On 29 December 1987, CARB suspended Reeve indefinitely from participating in the DOD program. J.A. at 47. As a basis for suspension, the letter stated without elaboration that Reeve "still fails to comply with the applicable [FAA] regulations, rules, and standards." Id. The decision prevented DOD personnel from traveling on Reeve in their official capacity. The suspension had no official effect on private travelers or non-military federal personnel, although Reeve claims that it suffered substantial economic loss both because of the loss of military traffic and because of the unfavorable publicity surrounding the decision.

Reeve appealed on 5 February 1988, raising issues of CARB's authority and of due process. In a letter dated 22 February 1988, DOD denied the appeal. Pursuant to Reeve's request for reinstatement, a DOD inspection team examined Reeve's facilities and operations on 28 March 1988. Within two weeks of the inspection, Reeve was reinstated as a DOD carrier. Reeve filed suit for review in the District Court on 1 April 1988.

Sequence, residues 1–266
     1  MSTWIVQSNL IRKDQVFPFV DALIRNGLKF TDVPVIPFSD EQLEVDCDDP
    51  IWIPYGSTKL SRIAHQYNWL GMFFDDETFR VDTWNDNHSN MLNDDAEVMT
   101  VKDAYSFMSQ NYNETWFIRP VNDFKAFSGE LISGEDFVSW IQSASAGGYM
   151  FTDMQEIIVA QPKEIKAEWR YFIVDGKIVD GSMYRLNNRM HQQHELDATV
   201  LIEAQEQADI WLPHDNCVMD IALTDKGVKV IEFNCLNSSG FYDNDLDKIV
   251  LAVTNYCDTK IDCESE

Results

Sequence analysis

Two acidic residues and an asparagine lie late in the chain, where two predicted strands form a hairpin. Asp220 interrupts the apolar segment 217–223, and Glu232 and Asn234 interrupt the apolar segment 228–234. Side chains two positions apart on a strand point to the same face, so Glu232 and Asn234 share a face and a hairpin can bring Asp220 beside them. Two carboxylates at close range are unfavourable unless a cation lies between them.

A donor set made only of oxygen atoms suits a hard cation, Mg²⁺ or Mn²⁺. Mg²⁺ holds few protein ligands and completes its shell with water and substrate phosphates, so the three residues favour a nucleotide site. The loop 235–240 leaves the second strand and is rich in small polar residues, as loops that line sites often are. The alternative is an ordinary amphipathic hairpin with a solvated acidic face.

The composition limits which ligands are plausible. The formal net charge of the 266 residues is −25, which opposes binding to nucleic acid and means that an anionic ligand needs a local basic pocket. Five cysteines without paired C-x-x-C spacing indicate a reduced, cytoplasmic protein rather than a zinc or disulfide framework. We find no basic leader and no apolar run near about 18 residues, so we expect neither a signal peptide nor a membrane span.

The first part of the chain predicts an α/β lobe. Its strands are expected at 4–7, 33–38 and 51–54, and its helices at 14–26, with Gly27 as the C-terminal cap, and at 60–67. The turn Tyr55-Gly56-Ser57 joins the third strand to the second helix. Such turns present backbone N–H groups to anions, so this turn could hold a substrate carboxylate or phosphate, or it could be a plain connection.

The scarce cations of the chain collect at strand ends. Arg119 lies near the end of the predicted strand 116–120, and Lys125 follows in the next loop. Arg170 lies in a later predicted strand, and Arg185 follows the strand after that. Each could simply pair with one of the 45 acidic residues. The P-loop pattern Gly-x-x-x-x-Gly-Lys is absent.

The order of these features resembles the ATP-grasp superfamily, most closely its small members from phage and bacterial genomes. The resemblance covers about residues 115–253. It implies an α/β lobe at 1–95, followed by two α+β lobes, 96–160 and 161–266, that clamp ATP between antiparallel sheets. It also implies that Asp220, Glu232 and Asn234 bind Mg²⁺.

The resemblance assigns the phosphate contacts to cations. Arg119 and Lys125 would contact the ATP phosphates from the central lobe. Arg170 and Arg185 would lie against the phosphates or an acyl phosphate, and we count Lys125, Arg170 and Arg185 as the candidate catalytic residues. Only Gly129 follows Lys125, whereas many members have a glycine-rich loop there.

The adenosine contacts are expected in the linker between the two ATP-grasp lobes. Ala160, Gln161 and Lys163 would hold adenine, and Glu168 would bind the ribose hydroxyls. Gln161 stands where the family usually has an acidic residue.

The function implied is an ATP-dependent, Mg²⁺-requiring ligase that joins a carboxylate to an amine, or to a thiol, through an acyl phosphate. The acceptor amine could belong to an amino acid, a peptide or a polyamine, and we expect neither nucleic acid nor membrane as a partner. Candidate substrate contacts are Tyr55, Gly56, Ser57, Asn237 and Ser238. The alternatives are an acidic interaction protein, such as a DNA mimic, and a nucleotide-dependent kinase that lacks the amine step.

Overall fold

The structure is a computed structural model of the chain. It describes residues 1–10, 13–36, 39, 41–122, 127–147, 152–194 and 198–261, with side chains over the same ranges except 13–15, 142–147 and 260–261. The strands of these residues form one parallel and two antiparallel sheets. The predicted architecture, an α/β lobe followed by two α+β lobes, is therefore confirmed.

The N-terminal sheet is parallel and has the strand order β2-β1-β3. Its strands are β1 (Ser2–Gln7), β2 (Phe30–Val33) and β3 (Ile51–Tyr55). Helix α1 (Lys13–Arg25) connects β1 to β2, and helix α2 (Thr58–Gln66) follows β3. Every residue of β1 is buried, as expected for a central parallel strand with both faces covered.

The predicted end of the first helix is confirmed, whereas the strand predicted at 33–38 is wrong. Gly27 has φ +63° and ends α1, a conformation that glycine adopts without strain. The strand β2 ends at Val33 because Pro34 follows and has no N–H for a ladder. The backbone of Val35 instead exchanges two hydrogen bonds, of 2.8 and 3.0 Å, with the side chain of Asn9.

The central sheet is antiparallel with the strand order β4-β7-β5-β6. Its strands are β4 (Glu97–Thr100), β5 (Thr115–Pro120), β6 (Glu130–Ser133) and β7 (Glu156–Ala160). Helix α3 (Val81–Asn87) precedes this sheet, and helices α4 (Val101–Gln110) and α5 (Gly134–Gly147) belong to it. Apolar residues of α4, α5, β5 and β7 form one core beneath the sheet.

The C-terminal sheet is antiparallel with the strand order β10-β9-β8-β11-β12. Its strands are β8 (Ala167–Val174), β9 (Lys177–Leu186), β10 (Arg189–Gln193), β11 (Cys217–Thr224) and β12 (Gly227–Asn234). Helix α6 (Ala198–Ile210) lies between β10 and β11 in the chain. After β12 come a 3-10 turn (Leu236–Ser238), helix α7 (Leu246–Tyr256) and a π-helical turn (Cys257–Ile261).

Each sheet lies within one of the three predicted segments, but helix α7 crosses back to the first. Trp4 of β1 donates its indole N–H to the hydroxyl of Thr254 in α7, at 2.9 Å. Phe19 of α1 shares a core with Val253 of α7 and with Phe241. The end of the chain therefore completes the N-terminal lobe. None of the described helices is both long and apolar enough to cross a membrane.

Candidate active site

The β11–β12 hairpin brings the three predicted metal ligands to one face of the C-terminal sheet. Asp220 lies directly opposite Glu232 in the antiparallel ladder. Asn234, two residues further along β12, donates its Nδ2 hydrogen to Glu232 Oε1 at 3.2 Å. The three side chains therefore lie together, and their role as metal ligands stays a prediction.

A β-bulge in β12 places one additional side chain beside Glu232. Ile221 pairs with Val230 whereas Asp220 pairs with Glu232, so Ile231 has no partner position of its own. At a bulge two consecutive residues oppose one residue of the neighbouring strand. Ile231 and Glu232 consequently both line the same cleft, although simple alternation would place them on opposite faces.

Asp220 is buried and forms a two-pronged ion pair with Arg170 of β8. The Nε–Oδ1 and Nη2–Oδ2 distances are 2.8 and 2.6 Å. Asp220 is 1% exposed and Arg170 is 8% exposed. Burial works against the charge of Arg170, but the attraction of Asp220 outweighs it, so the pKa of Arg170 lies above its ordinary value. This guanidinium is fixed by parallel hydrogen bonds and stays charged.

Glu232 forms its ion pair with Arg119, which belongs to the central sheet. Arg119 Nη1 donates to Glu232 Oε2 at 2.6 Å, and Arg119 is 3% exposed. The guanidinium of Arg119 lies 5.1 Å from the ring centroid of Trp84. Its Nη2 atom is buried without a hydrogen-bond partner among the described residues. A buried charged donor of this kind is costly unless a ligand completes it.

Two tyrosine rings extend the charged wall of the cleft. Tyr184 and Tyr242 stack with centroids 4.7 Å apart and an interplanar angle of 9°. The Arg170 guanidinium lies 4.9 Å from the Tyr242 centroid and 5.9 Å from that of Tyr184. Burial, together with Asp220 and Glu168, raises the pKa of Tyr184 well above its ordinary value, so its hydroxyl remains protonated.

B. District Court Opinion

In an unreported Memorandum Opinion dated 30 September 1988, the District Court denied Reeve's motion for summary judgment and granted DOD's cross-motion. The District Court found that CARB had jurisdiction over Reeve; Reeve does not appeal this finding. The District Court also found that Reeve was not entitled to application of the due process standards that apply to government contractors' debarment proceedings because Reeve's suspension was not a debarment. Relying on Arrow Air, Inc. v. United States, 649 F.Supp. 993 (D.D.C.1986), for the proposition that a debarment action--which re quires prior notice and a hearing--must be based on charges of fraud, dishonesty, or lack of integrity, the District Court found that the "charges against [Reeve] did not fall into this category," Reeve Aleutian Airways, Inc. v. United States, No. 88-0897, slip op. at 7, 1988WL104936 (D.D.C. Sept. 30, 1987), and that therefore "these [DOD] procedures met, and possibly exceeded what was due to plaintiff." Id. The District Court therefore granted DOD's summary judgment motion.

A. Mootness

Although it did not so argue before the District Court, DOD now asserts that Reeve's claim is moot because the carrier has been reinstated and does not face suspension in the immediate future; therefore, this Court's opinion would be merely advisory. To establish a live controversy, DOD claims, "Reeve must show that it has sustained or is immediately threatened with sustaining some specific, direct injury as a result of the official conduct it challenges...." Appellees' Brief at 11 (citing Golden v. Zwickler, 394 U.S. 103, 109-10, 89 S.Ct. 956, 960, 22 L.Ed.2d 113 (1969), and City of Los Angeles v. Lyons, 461 U.S. 95, 102, 103 S.Ct. 1660, 1665, 75 L.Ed.2d 675 (1983)). Past exposure to illegal conduct...